Thai authorities said yesterday they would rebuild barricades around key state buildings in Bangkok after opposition protesters called for a final push to topple the government.
The kingdom remains tense following several days of street clashes between police and demonstrators seeking to overthrow Prime Minister Yingluck Shinawatra and curb the political influence of her brother Thaksin.
The protesters - a mix of royalists, middle class and other Thaksin opponents - hope to unseat her and suspend the country's democracy in favour of an unelected "people's council".
After the clashes, during which riot police used tear gas, water cannon and rubber bullets against stone-throwing demonstrators, the government ordered police to ease tensions by removing barriers around key buildings including Government House.
But the barricades are set to be rebuilt, with the protest leaders threatening to turn tomorrow into "judgment day" for their efforts to overthrow the government.
"Police will erect barricades - especially around Government House and Parliament," said Paradorn Pattnatabut, chief of the National Security Council.
Although the protests were "losing momentum", he said thousands of police would still be deployed tomorrow.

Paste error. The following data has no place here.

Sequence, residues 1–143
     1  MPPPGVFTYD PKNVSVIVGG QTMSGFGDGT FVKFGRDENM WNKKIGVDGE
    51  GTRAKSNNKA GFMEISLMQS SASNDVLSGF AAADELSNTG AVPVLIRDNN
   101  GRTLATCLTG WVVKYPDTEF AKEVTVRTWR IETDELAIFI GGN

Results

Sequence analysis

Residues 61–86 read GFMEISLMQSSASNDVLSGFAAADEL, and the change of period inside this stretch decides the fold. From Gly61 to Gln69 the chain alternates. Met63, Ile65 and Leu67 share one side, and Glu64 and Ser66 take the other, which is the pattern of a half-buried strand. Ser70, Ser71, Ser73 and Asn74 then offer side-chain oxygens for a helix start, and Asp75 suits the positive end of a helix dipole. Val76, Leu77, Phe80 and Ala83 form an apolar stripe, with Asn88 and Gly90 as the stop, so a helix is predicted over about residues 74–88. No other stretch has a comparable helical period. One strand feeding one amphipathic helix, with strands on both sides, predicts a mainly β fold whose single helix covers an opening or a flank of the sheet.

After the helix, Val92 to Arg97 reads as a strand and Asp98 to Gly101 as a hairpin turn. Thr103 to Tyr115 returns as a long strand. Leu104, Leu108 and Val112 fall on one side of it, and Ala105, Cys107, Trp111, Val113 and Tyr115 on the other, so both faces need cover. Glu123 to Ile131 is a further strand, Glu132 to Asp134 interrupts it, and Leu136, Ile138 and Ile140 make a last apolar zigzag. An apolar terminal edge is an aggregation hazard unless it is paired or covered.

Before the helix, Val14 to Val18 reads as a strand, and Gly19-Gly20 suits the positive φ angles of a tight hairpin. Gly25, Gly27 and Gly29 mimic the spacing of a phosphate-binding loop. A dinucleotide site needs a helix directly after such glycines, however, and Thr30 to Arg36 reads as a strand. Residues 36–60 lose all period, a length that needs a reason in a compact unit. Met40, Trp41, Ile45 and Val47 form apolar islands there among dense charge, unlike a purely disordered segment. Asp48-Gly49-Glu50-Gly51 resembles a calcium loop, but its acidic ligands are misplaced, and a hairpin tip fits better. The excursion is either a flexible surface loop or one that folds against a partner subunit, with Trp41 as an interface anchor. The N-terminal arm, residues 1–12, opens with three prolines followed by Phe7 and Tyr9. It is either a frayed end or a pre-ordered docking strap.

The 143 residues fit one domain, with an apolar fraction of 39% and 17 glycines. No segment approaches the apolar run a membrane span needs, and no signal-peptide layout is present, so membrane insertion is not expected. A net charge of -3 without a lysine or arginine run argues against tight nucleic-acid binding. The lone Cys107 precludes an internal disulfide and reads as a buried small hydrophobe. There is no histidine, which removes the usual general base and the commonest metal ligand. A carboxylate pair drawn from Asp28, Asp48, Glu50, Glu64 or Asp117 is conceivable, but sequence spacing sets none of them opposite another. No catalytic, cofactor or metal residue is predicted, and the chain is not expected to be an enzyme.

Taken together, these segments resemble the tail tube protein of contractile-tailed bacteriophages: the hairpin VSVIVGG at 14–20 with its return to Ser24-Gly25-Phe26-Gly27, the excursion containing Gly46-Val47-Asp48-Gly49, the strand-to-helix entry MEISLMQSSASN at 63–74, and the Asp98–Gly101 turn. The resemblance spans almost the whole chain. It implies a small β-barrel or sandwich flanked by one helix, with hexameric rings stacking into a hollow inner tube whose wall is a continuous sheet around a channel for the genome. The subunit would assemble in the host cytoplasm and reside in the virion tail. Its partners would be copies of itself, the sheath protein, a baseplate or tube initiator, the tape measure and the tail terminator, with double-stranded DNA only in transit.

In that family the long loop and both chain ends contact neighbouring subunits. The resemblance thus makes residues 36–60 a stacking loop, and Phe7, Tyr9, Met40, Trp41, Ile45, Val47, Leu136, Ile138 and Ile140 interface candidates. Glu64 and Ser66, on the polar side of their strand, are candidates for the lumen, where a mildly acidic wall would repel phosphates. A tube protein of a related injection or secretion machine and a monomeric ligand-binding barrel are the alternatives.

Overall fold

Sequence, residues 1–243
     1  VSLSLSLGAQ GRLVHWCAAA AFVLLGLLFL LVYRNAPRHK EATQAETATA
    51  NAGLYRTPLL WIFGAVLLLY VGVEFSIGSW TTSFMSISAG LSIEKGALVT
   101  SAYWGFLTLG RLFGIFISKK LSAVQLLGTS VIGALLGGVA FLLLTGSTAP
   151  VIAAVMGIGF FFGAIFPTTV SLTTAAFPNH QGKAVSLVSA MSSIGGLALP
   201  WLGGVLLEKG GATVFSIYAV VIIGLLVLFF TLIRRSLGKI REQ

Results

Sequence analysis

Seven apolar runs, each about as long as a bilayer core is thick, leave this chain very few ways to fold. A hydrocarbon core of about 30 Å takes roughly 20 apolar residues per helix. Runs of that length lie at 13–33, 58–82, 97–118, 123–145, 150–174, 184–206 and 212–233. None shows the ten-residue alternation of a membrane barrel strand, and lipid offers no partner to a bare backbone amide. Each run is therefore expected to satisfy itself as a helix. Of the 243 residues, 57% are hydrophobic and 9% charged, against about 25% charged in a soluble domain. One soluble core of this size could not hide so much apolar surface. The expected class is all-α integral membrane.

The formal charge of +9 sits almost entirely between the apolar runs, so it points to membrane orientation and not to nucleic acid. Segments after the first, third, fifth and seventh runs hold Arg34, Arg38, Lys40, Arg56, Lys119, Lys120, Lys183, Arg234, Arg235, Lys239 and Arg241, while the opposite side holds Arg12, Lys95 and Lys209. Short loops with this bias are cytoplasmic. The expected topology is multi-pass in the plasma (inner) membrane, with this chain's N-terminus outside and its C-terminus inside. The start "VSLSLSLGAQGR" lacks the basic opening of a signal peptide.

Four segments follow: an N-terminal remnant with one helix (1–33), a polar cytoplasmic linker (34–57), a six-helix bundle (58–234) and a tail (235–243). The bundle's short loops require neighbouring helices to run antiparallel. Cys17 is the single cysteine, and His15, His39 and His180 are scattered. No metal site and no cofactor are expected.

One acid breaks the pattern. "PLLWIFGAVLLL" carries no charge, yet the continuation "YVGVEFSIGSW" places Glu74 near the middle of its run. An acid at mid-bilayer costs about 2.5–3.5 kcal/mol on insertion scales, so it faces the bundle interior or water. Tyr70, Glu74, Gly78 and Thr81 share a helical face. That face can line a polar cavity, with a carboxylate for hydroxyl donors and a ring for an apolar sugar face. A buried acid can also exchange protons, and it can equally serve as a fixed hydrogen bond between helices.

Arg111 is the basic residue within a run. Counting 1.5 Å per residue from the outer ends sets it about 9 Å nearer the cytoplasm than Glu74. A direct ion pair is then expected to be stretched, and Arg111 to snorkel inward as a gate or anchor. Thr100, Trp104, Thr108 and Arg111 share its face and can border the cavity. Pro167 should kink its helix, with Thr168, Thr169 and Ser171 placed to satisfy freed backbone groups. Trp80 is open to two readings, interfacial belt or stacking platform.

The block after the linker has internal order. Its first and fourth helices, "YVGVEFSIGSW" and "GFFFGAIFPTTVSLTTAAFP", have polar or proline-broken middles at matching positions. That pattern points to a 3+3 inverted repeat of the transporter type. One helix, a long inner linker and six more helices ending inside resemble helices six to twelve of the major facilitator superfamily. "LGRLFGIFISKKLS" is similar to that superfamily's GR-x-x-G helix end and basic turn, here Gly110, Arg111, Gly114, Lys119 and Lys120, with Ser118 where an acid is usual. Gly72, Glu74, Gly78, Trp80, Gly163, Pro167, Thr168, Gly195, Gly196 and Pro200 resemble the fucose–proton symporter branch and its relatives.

"I am confident that there will be no violent incidents on Monday," he said.
Paradon expressed the hope that the five-week stand-off could still be resolved through negotiation.
Protest leader Suthep Thaugsuban, who faces an arrest warrant for insurrection, on Friday issued a rallying cry for a final push to overthrow the government. Vowing to surrender to authorities unless enough people show up for tomorrow's rallies, he said protesters would target the government's headquarters.
"If people turn out in their millions [on Monday] it's sure that things will change," Akanat Promphan, Suthep's stepson and spokesman for the opposition protesters, said yesterday.
He said he was concerned there could be "violent clashes and loss of life".
Yingluck said that while she sees no quick end to the deep political impasse, her government was willing to negotiate with opponents to end the crisis.
Speaking in an interview with a group of foreign journalists, the prime minister said, "Our door is still open" to dialogue.
Yingluck said she did not want to cling to power. "We don't have any resistance about resigning or dissolving parliament," she said, but that could only occur if all parties agreed and new elections were held.
Thailand has been periodically rocked by sometimes bloody unrest since Thaksin, a billionaire tycoon-turned-premier, was deposed by royalist generals in a coup seven years ago.
His sister's government has been shaken by weeks of rallies. The unrest has left five people dead and more than 200 injured in Bangkok.
Additional reporting by Associated Press